You may not be feeling much like playing these days, but it’s really important to our mental health. If you’re a regular listener, you know I’ve been trying to play, to have fun, but it, like everything these days, feels hard. But just because something’s a challenge doesn’t mean we should give up. So, I’m continuing to look for ways to play, regardless of external events.
You may be wondering what play has to do with mindfulness. A key component of play is being in the moment, which is the same as being mindful. Finding play highlights an important aspect of mindfulness which is that mindfulness is not necessarily a way to feel good or more positive or even happier. People frequently do experience these feelings if they dedicate the time to practicing meditation, but mindfulness is simply non-judgmental awareness, not a cure-all for boredom, fear or anything else that ails us. Mindfulness helps us to accept what is happening, both positive and negative, both internally and externally, and with an understanding that it is temporary, as life is a series of passing events. As we recognize that we are feeling down or not enjoying life, we can explore it without judgment, accept it for what it is, and then decide if we want to do anything about it or not. A lot of people are struggling with their mental well-being right now, so why not take steps to improve it? Hence, play.
I’ve realized through these challenging times that almost all of my play since my children grew up has been externally focused. Amusement parks, the zoo, the beach, movie theaters, comedy clubs, happy hour with friends…which of course has all come to a screeching halt. My first priority now is to reconnect with my inner-child to find the fun that goes with play. I could do it as a child, so I should certainly be able to figure it out as an adult.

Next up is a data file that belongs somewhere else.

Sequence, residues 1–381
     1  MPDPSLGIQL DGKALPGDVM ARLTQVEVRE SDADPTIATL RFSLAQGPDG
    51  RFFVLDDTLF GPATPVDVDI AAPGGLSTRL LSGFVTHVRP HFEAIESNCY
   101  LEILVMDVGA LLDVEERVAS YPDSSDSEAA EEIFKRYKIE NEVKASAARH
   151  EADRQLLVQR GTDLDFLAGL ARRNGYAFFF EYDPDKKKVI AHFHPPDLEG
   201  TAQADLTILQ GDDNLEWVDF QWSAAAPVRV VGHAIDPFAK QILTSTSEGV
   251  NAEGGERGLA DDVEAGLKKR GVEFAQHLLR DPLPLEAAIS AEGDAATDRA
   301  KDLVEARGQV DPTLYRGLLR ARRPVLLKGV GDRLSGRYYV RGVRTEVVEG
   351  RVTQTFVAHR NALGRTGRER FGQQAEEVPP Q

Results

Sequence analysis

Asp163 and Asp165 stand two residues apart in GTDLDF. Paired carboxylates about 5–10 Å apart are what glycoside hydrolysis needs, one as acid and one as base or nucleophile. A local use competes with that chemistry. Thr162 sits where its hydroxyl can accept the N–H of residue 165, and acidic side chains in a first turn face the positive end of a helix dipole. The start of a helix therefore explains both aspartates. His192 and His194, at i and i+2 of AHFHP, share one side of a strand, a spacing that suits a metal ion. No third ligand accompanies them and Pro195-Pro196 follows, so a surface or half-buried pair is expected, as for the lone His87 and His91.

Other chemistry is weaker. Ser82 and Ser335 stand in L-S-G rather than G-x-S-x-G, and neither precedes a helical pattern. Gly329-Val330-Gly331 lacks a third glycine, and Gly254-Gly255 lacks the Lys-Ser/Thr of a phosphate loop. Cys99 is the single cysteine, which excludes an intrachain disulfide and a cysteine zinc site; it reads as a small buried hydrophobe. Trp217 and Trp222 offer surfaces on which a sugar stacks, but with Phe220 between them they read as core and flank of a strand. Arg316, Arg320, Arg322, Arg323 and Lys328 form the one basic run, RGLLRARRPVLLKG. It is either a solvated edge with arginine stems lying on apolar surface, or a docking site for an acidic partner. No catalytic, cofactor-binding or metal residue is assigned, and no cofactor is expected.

According to Dr. Stuart Brown from his book “Play,” the properties of play include purposeless, voluntary, inherent attraction, freedom from time, diminished consciousness of self, improvisational potential and a desire to continue. Sounds good! But how do we do it?
In desperate need of an expert, I recently interviewed Jeff Harry, founder of Rediscover Your Play. Jeff is a leadership consultant, executive coach and international speaker on the very serious subject of play. Jeff has worked with Google, Microsoft, Southwest Airlines, Adobe, the NFL, Amazon and Facebook, helping their staff to infuse more play into the day-to-day. His play-work has been featured in the New York Times, CNN and more, plus one of my favorites, SoulPancake. Jeff believes that we already have many of the answers we seek, and by simply unleashing our inner child, we can find our purpose and, in turn, help to create a better world.
According to Jeff, while we spend most of our time pretending to be important, serious grownups, it's when we let go of that facade and just play, that the real magic happens. Fully embracing our own nerdy genius — whatever that is — gives us the power to make a difference and change lives.
Thanks again to Jeff for his time and insights. Alright, I’m motivated to try again. I like what Jeff said about how work can be play. I’m going to think about that, as I actually used to think of my work as play, but may have forgotten that over the past few months. My first steps are going to be to increase my awareness of what is fun about my job and to find new creative outlets that I can use in my work to increase my sense of play. And I’m definitely checking out his positive psychology playlist at rediscoveryourplay.com/playlist.
The only question remaining is, how are you going to play today?
How to find Jeff Harry: